Tuesday, December 21, 2010


The first powered flying machine was created in Greece, in 400 BC. It took the form of a steam powered mechanical pigeon which flew approximately 200 metres. Some observers claimed it was on a string or wire. Logically, it must have been suspended on a wire or something, but the thought that it might have actually flown stirs my imagination. That it was powered by steam is just icing on the steampunk cake.

In the Victorian era balloons were extremely popular. In 1783, Jean-François Pilâtre de Rozier became the first human to fly in a balloon. His balloon was lifted by the heat generated from a wood fire and he travelled eight kilometres before landing. Dozens, if not hundreds of different models of heavier than air flying machines were designed and built, most of them were, of course, complete failures.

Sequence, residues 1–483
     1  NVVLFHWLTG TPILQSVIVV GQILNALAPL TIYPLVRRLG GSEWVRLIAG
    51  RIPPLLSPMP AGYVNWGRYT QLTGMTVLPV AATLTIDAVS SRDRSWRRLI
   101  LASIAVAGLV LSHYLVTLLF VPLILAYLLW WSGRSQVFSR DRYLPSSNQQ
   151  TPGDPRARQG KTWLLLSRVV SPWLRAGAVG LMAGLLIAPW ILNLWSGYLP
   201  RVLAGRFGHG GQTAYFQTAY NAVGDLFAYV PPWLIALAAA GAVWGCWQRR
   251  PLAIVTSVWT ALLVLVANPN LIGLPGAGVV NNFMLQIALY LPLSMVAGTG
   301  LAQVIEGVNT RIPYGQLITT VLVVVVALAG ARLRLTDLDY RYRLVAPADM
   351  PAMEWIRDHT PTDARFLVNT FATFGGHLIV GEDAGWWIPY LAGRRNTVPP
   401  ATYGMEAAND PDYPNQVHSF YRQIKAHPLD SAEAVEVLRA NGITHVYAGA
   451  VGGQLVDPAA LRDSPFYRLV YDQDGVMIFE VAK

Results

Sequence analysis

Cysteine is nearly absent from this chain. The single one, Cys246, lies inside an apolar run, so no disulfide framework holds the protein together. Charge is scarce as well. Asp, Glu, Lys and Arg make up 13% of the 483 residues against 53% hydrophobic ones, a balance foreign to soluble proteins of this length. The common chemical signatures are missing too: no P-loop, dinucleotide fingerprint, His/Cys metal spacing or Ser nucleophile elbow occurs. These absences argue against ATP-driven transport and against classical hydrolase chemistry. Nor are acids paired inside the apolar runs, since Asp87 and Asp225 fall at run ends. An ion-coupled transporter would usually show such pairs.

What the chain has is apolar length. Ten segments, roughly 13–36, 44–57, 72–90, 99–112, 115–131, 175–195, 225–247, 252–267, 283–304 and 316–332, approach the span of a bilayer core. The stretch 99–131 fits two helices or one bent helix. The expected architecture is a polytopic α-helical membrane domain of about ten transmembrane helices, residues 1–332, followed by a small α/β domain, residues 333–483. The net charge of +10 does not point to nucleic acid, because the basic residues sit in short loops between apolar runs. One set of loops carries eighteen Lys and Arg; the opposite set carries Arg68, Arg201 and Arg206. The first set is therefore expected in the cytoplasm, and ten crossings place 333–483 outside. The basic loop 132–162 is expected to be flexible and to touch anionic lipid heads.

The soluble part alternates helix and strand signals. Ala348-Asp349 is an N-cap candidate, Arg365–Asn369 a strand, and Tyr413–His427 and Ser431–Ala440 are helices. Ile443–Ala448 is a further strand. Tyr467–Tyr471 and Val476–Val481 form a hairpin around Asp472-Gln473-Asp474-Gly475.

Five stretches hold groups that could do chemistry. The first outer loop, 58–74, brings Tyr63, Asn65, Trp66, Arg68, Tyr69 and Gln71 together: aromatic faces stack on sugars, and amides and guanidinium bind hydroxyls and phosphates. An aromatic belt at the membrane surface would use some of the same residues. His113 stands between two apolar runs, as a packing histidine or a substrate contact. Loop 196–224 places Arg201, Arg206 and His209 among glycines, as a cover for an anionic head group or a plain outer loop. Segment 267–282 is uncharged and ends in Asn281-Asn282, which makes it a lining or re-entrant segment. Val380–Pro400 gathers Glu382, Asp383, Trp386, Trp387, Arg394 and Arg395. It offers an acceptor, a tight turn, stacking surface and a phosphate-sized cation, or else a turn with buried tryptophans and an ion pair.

The idea that people would, one day soon, be using aircraft to travel around the world fuelled the imaginations of writers like Jules Verne, and the love of fabulous flying machines has become a cornerstone of steampunk.

Air travel is so commonplace these days, it's almost dull. It takes some work to dig down and remember what it was like to be a kid, dreaming of flying my own helicopter or running around, arms extended Rrrraaawwwrrrr! a P-38 diving through the clouds. That's what fires me up.

No comments: